When I got home I found myself locked out. I don’t have a key to the house, and Fidel had locked up and gone to bed, seemingly forgetting that I do in fact exist. I shouted for him a bit, but he didn’t wake up. Luckily I recalled an event from three to four weeks earlier, and thought of a way I could get into the house.
At around 1:00 in the morning, three or four weeks ago, I found myself sleeping in my bedroom, as I am apt to do from time to time in the middle of the night. My fan was humming away, creepy translucent lizards were crawling on the walls of my room, and my mosquito net was neatly tucked into my mattress. However, I was awoken by a noise in my room. As my eyes quickly adjusted I realized that it was a person in my room! My first thought was that it could be my drunk host cousin, Ballardo. He had been out drinking with my host mom that day, and when I went to bed earlier that night he was snoring away on the kitchen floor. Surely he had just woken up, realized that he preferred a bed to the kitchen floor, and came looking for one. However, I quickly realized that the man in my room was younger and much smaller in stature than my host cousin. It was a complete and total stranger. I started yelling at him, in Spanish, asking him who he was, what he was doing in my room, and yelling the names of my host mother and (grand)father to wake them up. I would have liked to jump out of bed to my feet, but I was trapped by my mosquito net.
To make a long story short, he was the 17 year old cousin of my host mom’s nephew. He has fallen on some hard times (and some hard liquor that night) and needed a place to stay for the night. So he climbed up the signposts of the gigantic entrance sign to town that is right next to my house, jumped on to the roof of the adjacent family store (it is only one story), walked up the roof to the balcony on the second floor of my house, and then walked around the balcony until he found an open window. That window just so happened to have been mine because I liked to keep it open for the breeze. I actually think that he was trying to burglarize my host family, but they insist that he was only trying to take advantage of their good nature and have a comfortable place to sleep for the night (and yes, through all of this commotion, Ballardo did sleep soundly on the tiles of the kitchen floor all night long).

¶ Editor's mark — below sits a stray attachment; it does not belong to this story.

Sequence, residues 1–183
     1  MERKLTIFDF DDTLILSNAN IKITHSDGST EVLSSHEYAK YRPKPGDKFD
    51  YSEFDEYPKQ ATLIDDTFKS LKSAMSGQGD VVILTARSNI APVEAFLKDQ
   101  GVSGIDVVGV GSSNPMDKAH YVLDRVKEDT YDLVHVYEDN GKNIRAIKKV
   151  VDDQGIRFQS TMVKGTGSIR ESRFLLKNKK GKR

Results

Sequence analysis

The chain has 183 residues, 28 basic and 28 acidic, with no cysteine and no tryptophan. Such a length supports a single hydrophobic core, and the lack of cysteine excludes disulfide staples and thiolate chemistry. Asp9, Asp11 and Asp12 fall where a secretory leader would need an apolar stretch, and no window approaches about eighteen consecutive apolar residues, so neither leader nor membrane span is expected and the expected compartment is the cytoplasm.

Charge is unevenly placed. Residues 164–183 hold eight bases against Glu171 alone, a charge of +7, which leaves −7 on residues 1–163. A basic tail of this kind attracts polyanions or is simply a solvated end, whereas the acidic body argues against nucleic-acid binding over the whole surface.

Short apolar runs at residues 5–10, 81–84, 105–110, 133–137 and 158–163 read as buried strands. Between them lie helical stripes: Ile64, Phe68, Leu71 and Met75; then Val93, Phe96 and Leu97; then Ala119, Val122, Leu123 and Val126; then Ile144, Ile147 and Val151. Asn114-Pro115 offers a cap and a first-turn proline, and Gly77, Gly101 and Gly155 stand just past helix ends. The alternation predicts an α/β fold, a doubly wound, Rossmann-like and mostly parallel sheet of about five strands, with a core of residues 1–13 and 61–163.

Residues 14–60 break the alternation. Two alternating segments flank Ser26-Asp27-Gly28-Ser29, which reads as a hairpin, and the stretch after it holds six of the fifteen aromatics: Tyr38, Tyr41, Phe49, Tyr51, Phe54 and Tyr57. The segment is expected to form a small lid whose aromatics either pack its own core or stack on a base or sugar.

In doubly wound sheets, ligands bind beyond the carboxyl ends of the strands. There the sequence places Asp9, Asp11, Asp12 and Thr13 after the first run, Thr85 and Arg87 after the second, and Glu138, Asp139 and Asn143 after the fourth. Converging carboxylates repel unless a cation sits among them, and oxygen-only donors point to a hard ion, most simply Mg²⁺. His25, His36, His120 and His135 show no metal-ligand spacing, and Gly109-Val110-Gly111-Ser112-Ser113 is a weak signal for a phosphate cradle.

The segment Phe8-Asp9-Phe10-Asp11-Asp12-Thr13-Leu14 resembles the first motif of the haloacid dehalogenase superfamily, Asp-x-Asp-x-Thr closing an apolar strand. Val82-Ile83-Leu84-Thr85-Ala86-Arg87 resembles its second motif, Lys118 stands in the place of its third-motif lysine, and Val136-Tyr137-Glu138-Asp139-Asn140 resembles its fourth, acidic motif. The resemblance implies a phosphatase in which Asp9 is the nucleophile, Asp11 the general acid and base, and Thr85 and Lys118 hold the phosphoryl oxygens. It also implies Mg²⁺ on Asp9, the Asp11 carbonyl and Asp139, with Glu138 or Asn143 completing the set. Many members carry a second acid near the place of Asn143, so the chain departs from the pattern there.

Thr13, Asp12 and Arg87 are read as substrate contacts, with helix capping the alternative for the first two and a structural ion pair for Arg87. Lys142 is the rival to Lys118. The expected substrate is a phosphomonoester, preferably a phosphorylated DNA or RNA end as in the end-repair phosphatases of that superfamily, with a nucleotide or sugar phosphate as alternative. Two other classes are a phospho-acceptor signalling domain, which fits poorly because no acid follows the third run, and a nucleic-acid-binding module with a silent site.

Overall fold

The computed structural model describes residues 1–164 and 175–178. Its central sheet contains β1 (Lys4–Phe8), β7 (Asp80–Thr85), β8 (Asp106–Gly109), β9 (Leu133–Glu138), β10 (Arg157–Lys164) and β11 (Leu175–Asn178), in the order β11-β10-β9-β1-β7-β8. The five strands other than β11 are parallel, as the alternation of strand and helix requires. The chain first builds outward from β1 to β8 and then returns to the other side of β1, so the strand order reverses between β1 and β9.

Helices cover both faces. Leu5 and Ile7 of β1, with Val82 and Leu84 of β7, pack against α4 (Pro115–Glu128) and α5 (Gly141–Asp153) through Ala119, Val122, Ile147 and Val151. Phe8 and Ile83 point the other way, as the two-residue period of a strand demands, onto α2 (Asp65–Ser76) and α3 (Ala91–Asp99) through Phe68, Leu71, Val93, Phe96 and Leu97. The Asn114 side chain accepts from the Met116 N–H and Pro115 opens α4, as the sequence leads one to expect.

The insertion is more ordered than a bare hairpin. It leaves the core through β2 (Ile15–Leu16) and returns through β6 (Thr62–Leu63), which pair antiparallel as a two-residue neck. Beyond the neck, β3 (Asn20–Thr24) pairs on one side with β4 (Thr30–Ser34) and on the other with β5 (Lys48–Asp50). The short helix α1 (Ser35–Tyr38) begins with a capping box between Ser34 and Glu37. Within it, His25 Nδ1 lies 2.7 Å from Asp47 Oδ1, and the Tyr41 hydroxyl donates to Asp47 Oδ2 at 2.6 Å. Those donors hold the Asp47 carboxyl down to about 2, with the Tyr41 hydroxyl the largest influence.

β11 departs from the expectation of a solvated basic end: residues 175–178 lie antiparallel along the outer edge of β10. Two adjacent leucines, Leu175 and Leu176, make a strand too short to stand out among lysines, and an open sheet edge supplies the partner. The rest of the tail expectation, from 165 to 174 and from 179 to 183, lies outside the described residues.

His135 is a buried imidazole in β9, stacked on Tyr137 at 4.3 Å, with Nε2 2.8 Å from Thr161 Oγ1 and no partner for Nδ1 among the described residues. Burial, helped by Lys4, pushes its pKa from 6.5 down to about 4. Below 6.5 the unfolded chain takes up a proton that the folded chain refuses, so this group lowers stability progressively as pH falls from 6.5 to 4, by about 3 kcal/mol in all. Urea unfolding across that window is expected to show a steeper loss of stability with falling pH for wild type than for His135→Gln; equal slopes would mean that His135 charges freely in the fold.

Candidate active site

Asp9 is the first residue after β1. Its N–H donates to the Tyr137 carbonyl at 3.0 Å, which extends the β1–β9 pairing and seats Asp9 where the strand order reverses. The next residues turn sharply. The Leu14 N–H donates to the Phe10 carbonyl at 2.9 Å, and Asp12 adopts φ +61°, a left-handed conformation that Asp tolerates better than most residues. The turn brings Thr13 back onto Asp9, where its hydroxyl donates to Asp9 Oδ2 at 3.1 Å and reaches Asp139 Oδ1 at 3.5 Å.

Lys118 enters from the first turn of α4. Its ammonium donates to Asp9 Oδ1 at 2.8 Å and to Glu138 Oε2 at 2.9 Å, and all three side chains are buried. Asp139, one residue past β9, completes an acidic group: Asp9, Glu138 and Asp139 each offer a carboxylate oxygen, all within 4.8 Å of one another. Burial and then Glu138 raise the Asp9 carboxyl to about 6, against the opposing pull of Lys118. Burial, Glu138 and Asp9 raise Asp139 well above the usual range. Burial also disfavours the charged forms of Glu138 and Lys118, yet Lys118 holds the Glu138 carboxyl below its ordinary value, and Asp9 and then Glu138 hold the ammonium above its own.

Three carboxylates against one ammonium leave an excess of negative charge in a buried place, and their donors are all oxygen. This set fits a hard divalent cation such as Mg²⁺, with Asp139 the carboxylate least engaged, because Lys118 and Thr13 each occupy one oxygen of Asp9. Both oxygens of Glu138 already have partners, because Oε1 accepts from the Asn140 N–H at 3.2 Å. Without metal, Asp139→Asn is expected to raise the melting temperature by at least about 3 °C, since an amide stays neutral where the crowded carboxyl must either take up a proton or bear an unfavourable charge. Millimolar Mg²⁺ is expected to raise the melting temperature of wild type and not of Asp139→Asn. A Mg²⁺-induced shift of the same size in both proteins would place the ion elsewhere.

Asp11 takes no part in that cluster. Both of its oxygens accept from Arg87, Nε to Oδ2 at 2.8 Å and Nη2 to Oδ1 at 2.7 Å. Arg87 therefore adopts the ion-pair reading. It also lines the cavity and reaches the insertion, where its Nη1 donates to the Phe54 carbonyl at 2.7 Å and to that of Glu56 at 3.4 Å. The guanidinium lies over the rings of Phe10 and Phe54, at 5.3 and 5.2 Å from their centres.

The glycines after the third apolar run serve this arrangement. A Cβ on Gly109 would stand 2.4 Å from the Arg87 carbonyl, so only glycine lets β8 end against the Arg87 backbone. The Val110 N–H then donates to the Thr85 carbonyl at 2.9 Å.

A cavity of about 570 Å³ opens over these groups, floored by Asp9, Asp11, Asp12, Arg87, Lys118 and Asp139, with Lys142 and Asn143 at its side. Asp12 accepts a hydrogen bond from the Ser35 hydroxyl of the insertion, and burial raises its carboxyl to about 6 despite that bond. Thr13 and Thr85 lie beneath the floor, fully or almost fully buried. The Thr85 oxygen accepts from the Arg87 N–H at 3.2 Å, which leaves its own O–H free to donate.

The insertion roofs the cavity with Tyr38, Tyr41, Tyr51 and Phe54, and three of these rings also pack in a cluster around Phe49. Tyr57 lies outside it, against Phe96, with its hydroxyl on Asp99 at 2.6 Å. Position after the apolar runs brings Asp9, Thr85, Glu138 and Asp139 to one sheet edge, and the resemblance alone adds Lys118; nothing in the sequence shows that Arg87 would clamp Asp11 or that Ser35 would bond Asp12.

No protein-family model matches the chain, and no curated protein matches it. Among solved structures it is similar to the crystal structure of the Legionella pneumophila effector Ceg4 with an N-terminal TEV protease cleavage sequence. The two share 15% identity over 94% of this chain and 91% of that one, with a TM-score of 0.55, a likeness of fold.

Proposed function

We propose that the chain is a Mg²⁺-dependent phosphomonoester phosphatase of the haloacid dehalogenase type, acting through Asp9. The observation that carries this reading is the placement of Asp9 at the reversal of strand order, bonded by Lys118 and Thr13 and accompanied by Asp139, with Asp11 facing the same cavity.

Fast forwarding back to Semana Santa, finding myself locked out with no recourses to think of, I started climbing up the very same signpost of the San Juan de Oriente entrance sign. I jumped on to the roof of the family store and walked up to the balcony of the second floor of our home. The zinc roof creaked so loud every step of the way I was certain I was going to go crashing right through. Once on the balcony I started checking windows. I now keep mine securely locked, but it turns out that the window to the bedroom that my host mother and the kids sleep in was unlocked (the room was obviously vacant), so I slid it open and got myself into the house. Before going to bed I made sure to lock that window behind me.
So I spent Easter worried about earthquakes, volcanoes, and tsunamis, myself violently erupting with diarrhea, ill and asthmatic, locked out of my house, surrounded by host family drama and murderers. I might also have post-traumatic stress disorder from all of the fireworks that people set off all night, every night of the week. I’m sure that my mother (biological, not host – Hilda can’t read English) is going to flip out when she reads this, but really, I am fine. I already feel better after writing this post, and I’m looking forward to the next few weeks of training where we will shore up our technical skills, polish up on our Spanish, learn where our permanent sites will be, and get the hell out of San Juan de Oriente for good! Just please don’t tell any of this to Grandma mom. She knows about the earthquakes. Let’s leave it at that.
So how was your Easter? If you’re Christian, I hope it was everything holy that it’s supposed to be for you. O yea, also, can you answer for me, if they crucify Jesus on Friday, it takes a few days for him to die, and then three days later he resurrects, how come you celebrate the resurrection on Sunday, just one full day after he was crucified?